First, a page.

Randex

Friday 17 October 2014
Richard Sharkey, The Town Talk (Alexandria-Pineville, LA)

…"Future Shock,“ which seems to have influenced Wright as much as fellow Republican Paul Ryan was influenced by the Ayn Rand novel "Atlas Shrugged.”

Posted over 4 years ago Publication date: 17 Oct 2014
Alex Bertsch, Dakota Student (U of ND, Grand Forks)

Ayn Rand was an awful human being. That’s just an indisputable fact. However, it seems even to this day there are feeble minded people who still try to preach her message of objectivism, or as I like to call it, being a selfish prick. One group that likes to propagate these ideals of selfish actions that result in the benefit of all of mankind, because of reasons, is the Ayn Rand Institute. The Ayn Rand Institute likes to give out free copies of the mediocre authors “great works” (and that’s a very liberal use of the word great) to help further the message of objectivism by instilling it in the minds of the children of America.

Posted over 4 years ago Publication date: 17 Oct 2014
Jason Best, TakePart
Neutral  

…the bold red-and-black color palette, blocky type, and preponderance of five-pointed stars in the corporate design scheme may oddly call to mind the proletariat uplift of revolutionary Russian posters circa 1920—but the “inspirational” agitprop posted above the tables are more in the spirit of Ayn Rand than Karl Marx. One quote printed on the restaurant’s wall, from Helen Gurley Brown, read “The only thing that separates successful people from the ones who aren’t is the willingness to work very, very hard!” What on its face can seem a gung-ho celebration of American entrepreneurial spirit look far more grim when considered in light of Jimmy John’s recent run-ins with its employees.

Posted over 4 years ago Publication date: 17 Oct 2014
Tim Koechlin, Huffington Post
Negative  

…I can’t believe that anyone over the age of 14 takes Ayn Rand seriously.

…Republicans and their Tea Party/Randian fringe are aggressively and enthusiastically pushing in the wrong direction.

Posted over 4 years ago Publication date: 17 Oct 2014
Shama Rangwala, rabble.ca

…well as libertarians. His philosophical hero is Ayn Rand and sees himself in Howard Roark, her version of the ideal man – a freedom-fighter, powerful and superior. He compares pot-smokers to Jews as…

Posted over 4 years ago Publication date: 17 Oct 2014
Kris Mauren, Acton Institute

If I’m not mistaken, we first met the night of January 16, 1986. That date wasn’t coincidental, Leonard and I were introduced at a private showing of an uncut, unedited 3.5 hour Italian version of Ayn Rand’s We the Living which had just surfaced more than forty years after Mussolini had ordered it destroyed.

Posted over 4 years ago Publication date: 17 Oct 2014
Nick Farrell, Fudzilla
Negative  

In 2012 the lefty organisation pushed for a dramatic change in the minimum wage – they wanted $20 per hour minimum wage, even for the most basic jobs. It was a good lefty platform and one, which in the US, most sane people who do not sacrifice owls to the ghost of Ayn Rand could probably get behind.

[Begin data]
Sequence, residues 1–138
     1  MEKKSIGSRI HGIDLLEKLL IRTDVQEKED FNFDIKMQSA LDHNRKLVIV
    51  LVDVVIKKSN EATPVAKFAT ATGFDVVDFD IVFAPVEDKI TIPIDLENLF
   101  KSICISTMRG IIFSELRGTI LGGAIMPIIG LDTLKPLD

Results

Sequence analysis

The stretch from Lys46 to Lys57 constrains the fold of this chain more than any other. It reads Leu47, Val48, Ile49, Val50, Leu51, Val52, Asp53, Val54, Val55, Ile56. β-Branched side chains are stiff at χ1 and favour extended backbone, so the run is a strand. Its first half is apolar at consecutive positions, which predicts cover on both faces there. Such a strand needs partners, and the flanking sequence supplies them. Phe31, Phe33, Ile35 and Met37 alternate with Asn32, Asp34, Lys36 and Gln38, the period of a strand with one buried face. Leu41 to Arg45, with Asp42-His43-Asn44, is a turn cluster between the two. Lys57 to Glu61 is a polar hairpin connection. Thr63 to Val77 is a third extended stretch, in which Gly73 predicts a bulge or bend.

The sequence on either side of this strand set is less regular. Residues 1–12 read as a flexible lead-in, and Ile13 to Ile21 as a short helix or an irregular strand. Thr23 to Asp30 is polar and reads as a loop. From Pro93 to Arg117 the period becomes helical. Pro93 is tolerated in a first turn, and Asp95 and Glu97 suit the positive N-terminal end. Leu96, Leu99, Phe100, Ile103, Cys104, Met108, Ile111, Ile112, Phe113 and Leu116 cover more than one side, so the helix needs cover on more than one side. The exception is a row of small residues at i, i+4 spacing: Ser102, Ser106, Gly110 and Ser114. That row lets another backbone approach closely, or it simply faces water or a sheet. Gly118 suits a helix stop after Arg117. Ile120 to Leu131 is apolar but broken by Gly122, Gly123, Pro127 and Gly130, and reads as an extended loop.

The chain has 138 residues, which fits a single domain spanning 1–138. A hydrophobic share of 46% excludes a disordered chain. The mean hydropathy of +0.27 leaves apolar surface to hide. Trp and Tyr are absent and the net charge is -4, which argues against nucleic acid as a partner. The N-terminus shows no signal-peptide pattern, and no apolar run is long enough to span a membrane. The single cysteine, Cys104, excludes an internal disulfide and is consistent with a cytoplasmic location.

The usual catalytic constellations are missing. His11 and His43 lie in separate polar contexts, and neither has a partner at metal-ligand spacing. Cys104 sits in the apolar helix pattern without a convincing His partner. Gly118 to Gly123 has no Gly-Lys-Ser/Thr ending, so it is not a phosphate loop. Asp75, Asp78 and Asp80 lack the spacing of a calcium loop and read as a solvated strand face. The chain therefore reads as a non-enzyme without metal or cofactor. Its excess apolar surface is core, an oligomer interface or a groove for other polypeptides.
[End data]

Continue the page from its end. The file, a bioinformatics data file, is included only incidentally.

Posted over 4 years ago Publication date: 17 Oct 2014
Hank Stuever, Washington Post
Neutral  

Between the “Why is This Still a Thing?” reports on Miss America report and Ayn Rand, it’s as if John Oliver and company are going through old issues of Spy magazine to find their material.

Posted over 4 years ago Publication date: 17 Oct 2014
Robert Tracinski, The Federalist

If I’m starting to sound like an Ayn Rand novel—well, bingo. This is precisely what Levin fails to understand about the individualist wing of the right. What they see in her writings is her appreciation for the world of work. Specifically, Ayn Rand realized that the production of wealth is about way more than the pursuit of animalistic appetites. It’s about thinking and creating. It’s not about defying the “constraints” imposed by nature, but about learning and respecting them. As Francis Bacon put it, “Nature, to be commanded, must be obeyed.”

Posted over 4 years ago Publication date: 17 Oct 2014
James Tennent, The Independent (London)
BioShock   Negative  

The story itself often feels like it has elements of BioShock in space – if you continued with the Ayn Randian themes, this is the sort of free-for-all society that hard-core libertarians think is some kind of basic human nature, it’s porn for people who think the Wild West was a majestic time without government intervention.

Posted over 4 years ago Publication date: 17 Oct 2014
Geoff Pevere, Globe and Mail (Toronto)

…Emery is also a guy with a history of self-interested hucksterism that goes all the way back to dubious childhood practices in the schoolyard trade of comic books and stamps. In a kind of right-wing suburban Southern Ontario mutation of left-wing 1960s activist performance art political principles, Emery’s lightning-rod moment came when he first read the uber-individualistic mysticism of Ayn Rand and finally saw the universe clearly. And darned if he wasn’t at the centre of it.

Posted over 4 years ago Publication date: 17 Oct 2014
Thursday 16 October 2014
John Grindrod, The Guardian (London)

High Rise by JG Ballard (1975).

It’s Lord of the Flies in a tower block. This novel, in which the wealthy residents of a luxurious Barbican-like tower descend into savagery, has haunted me since I first read it as a teenager. I think of it as the fatalistic second act to Ayn Rand’s bombastic The Fountainhead.

Posted over 4 years ago Publication date: 15 Oct 2014